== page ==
Just Words #1: Change of Pace...

  • Advertise with us
Blog entry by Pacewoodworking posted 03-25-2011 03:10 AM 842 reads 0 times favorited 3 comments Add to Favorites Watch
no previous part Part 1 of Just Words series no next part

It’s not the wedged through tenons, or the gap free miters (with contrasting splines), it’s not even the “I’m a real woodworker” half blind dovetails. All of these skills come with time, practice, practice, and more practice. The most difficult, most challenging, and most grueling aspect of woodworking for me is learning to pace myself. Throughout my “career” in woodworking it’s always been about getting things done ASAP. We often learn more about taking shortcuts then we truly do about the skills and techniques that go into what we are building. Whether it’s a simple free standing bookcase, or a large slab coffee table, or even those finicky dovetails. We are always looking for a way to get to the finish line faster. Why? So we can move onto the next project? Don’t get me wrong, I can appreciate deadlines and realize that time is money but is that really what fuels you? My concern is that at what cost to the knowledge and experience we gain during the journey are we willing to sacrifice just to get done quicker? Occasionally I get asked if I get tired of being around wood all the time? You figure I am covered in it 10 hours a day, and I’ve spent numerous weekends and late nights rushing out side work. Even at the end of a long work day, followed by the evenings with my wife and five kids, there is nothing that keeps me more grounded and brings me more contentment (other than maybe cuddling with my wife and watching “Charlie St. Cloud” I love you dear!) then spending an hour or two working wood by hand in near silence. The beauty of it is that everyone has their own pace, by the definition of the word,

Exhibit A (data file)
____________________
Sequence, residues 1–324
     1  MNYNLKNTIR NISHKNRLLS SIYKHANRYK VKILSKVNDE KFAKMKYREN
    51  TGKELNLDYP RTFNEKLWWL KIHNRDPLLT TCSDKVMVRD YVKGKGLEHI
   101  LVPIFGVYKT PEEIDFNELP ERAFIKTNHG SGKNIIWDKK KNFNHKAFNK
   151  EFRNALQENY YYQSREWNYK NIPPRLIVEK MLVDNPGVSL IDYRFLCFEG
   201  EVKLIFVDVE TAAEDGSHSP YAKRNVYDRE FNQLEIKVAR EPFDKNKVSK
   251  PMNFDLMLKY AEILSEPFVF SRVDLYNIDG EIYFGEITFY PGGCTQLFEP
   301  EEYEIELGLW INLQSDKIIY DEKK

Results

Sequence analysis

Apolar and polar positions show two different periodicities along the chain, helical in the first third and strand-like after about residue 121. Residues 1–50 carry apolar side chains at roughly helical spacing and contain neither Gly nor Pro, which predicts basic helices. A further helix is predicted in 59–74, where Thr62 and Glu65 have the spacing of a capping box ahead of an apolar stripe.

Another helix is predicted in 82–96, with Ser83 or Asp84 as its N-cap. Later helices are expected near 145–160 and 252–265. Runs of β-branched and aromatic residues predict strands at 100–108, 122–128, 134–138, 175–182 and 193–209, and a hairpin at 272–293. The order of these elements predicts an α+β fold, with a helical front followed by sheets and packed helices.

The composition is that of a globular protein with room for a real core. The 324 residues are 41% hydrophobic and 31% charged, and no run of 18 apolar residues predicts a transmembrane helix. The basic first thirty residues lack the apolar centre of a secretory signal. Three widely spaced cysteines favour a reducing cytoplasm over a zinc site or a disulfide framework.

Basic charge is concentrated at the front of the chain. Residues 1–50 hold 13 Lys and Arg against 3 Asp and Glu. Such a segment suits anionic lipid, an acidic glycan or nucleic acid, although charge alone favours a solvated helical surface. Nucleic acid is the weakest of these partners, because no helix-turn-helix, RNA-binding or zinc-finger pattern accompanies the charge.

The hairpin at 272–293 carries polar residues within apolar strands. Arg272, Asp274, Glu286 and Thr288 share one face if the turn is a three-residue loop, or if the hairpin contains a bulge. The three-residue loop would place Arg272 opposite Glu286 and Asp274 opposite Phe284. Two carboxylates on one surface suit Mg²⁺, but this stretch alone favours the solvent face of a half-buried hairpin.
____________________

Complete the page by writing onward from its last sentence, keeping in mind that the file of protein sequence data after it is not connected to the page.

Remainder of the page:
PACE (verb transitive) means : To set or regulate the rate of speed for . I think that the goal of any woodworker should be to find their own pace and accept it for what it is. Whether it takes you a year to finish a small shaker table (I’m almost done mine!) or if you are able to produce multiple projects a year. Finding your own pace will bring peace & contentment to your work and your life.

3 comments so far

View lumberhack's profile


37 posts in 2865 days

#1 posted 03-25-2011 03:25 AM

Very well said! I constantly remind myself (and others) that life is a journey, not a destination.

View amateur's profile


91 posts in 2899 days

#2 posted 03-25-2011 10:58 AM

Thank you. Zeal can either fuel your desire to grow or press you into a corner of stagnation. Inspiration beats perspiration every time.

View jockmike2's profile


10635 posts in 4488 days

#3 posted 03-25-2011 02:30 PM

I fully agree. Mostly because I have had to. Physically I’ve had to learn to slow down or I’m laid up for a week. I used to put in a 10-12 hr day. Now if I try that I’m unable to do anything for a week or two, because of health problems. My wife really hates having to put on my shoes and socks because I can’t. It’s gotten worse too. As most guys that know me know, I used to be able to put out a lot more projects. Too bad, but then not. What I do do now, I think, is more thought out and a better grade of work then I used to. Good subject to bring up. I’ve also learned that by teaching you learn.

-- (You just have to please the man in the Mirror) Mike from Michigan -

Have your say...

You must be signed in to post the comments.

DISCLAIMER: Any posts on LJ are posted by individuals acting in their own right and do not necessarily reflect the views of LJ. LJ will not be held liable for the actions of any user.

Latest Projects | Latest Blog Entries | Latest Forum Topics